Name Game-Changer

jbr boisi 01 Name Game Changer

The Commercial Observer: So, my first question is …

Mr. Boisi: ‘What’s the name of your new company?’


You got it. What is the name of your new company?

Our new brand in New York and the rest of the nation is Cassidy Turley.


Give me a bit of background.

Back 15 months ago, roughly September of 2008, four Colliers firms negotiated a merger agreement, and those four firms came together and over the past 15 months have been quietly negotiating with additional firms to expand our footprint. We’ve created now, with eight firms, a new company by the name of Cassidy Turley.


Why, especially during a recession, are you pursuing such a huge expansion?

What we did was, we wanted to build our own platform, build our own company that we could own and control and move away from a network structure, which we’re currently in at Colliers. This provides us with the ability to create our own brand strategy, our own vision for the company. It’s an independently owned firm that has 360 shareholders. We now have 2,800 associates. We now manage 420 million square feet of space nationwide, and we have revenues that exceed $400 million. So out of the box we’re now a national firm that is probably about the fourth largest in the country. We’re also in the process of negotiating with an international partner to further expand our capabilities internationally. We’ll be announcing that in a month.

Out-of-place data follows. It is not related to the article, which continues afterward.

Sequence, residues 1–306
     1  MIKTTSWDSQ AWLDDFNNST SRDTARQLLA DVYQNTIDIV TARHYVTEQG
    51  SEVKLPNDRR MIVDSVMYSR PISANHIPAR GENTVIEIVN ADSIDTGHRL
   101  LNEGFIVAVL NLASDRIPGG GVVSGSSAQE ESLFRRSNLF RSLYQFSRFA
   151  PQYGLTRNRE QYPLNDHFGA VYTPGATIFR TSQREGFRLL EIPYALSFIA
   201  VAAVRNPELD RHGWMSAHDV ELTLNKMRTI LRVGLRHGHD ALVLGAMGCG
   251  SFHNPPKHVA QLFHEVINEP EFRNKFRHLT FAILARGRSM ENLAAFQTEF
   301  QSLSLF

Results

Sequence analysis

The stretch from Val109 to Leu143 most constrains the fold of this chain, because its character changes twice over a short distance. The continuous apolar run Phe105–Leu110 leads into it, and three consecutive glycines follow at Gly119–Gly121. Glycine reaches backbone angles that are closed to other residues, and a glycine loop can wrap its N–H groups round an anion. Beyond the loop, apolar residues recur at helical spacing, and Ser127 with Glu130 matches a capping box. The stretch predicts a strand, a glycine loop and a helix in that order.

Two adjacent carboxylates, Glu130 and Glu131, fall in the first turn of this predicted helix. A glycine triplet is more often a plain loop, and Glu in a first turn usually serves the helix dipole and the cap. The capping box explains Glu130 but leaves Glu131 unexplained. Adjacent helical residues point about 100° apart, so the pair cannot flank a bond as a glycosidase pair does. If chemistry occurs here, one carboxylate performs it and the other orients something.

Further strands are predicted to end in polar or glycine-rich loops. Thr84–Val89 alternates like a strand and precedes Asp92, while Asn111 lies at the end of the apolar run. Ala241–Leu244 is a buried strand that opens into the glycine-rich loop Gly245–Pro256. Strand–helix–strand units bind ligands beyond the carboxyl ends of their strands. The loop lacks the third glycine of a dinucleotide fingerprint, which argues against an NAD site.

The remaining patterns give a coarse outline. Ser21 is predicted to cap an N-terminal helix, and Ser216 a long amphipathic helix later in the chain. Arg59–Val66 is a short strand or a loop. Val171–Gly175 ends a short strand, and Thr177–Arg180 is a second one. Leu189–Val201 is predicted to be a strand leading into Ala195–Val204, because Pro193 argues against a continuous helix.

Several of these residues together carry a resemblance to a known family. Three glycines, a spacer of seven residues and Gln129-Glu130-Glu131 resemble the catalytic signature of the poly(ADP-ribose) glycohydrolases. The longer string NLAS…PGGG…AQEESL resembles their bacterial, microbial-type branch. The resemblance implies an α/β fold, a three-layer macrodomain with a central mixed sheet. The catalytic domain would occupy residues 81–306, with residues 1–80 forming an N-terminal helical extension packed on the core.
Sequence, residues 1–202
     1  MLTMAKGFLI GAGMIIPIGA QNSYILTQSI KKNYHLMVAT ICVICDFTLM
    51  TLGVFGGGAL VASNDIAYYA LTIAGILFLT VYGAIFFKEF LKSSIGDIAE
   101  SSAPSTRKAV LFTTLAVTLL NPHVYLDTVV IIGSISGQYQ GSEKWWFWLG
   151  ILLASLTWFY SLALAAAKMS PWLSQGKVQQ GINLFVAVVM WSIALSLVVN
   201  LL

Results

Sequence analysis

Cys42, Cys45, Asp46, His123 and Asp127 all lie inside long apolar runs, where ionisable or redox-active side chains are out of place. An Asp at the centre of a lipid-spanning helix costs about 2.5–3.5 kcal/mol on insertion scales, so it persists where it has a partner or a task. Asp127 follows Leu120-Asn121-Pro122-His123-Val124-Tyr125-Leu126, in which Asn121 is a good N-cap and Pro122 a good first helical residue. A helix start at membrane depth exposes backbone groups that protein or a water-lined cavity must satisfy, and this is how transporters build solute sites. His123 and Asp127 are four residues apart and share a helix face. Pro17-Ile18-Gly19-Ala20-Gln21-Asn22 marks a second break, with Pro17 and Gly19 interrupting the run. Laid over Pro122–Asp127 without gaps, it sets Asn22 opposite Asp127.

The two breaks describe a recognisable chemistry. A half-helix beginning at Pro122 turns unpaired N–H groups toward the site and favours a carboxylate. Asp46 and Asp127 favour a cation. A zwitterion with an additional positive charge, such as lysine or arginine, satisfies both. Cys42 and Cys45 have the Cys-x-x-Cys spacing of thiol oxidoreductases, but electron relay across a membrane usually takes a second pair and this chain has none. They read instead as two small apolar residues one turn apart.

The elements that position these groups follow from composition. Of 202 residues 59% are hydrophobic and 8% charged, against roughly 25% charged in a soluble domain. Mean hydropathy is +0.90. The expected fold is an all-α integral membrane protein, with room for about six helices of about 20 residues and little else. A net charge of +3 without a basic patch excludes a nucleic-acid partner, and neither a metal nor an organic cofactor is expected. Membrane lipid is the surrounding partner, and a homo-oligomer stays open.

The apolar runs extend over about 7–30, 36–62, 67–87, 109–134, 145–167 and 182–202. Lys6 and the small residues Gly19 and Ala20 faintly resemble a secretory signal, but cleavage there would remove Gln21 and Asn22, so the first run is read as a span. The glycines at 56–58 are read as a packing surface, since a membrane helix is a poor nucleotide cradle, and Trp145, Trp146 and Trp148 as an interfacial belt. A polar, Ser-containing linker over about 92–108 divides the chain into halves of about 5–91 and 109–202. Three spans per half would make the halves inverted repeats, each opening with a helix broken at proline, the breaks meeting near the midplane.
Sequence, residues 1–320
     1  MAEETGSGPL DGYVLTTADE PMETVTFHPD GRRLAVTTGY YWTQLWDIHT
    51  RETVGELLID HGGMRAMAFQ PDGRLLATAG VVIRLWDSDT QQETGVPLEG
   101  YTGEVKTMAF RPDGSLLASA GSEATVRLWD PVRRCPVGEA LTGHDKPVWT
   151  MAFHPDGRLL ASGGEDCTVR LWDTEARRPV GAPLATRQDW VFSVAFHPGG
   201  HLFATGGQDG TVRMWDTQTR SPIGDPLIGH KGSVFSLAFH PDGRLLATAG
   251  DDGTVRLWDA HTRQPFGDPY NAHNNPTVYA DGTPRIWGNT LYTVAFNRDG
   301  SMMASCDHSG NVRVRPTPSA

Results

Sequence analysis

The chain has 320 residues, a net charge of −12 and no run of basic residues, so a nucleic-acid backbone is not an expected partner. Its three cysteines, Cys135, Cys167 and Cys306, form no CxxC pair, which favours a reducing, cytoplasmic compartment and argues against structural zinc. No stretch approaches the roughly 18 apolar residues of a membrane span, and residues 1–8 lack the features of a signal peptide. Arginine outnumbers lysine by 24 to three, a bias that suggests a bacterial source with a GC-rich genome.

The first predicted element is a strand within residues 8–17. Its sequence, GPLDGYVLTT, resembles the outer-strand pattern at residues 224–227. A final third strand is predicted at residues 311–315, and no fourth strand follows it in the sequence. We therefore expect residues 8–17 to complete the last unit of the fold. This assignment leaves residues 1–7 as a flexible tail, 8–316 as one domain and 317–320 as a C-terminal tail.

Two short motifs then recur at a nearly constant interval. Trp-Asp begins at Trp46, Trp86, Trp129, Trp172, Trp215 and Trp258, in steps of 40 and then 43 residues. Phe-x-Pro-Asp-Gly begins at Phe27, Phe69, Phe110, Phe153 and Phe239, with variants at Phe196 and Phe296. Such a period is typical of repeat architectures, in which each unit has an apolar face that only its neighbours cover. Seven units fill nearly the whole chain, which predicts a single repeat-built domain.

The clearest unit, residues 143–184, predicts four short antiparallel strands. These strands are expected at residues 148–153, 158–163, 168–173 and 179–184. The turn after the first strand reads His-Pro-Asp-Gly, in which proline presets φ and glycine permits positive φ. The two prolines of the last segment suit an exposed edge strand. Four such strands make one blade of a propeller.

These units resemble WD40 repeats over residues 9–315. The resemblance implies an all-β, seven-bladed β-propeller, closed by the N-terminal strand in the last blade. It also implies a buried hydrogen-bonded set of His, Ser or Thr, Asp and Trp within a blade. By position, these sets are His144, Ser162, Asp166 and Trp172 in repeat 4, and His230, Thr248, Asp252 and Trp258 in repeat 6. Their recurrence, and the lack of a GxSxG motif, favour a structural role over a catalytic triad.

Are there geographical gaps the expansion will help fill?

The original transaction with the four companies comprised the East Coast and the Midwest. What we were missing, quite frankly, was the Western region. And our association with BRE in San Diego, which is a former Grubb & Ellis entity; our association with BT Commercial in San Francisco, which is a former NAI company; and our association with BRE in Phoenix, which is also a former Grubb & Ellis firm-we’ve now added 24 offices on the West Coast and around 500 brokers. We now have a total of around 800 to 900 brokers nationwide.